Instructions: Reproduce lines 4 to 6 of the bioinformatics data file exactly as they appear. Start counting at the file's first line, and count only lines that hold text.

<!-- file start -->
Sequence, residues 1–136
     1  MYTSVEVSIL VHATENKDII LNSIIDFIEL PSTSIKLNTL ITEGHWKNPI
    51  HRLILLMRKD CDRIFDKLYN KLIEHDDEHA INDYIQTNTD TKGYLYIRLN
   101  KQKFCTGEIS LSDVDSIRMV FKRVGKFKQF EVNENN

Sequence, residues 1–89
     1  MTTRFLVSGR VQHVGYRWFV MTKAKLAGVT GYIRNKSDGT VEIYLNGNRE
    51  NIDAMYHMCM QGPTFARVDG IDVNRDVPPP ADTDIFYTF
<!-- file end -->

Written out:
   101  KQKFCTGEIS LSDVDSIRMV FKRVGKFKQF EVNENN

Sequence, residues 1–89
     1  MTTRFLVSGR VQHVGYRWFV MTKAKLAGVT GYIRNKSDGT VEIYLNGNRE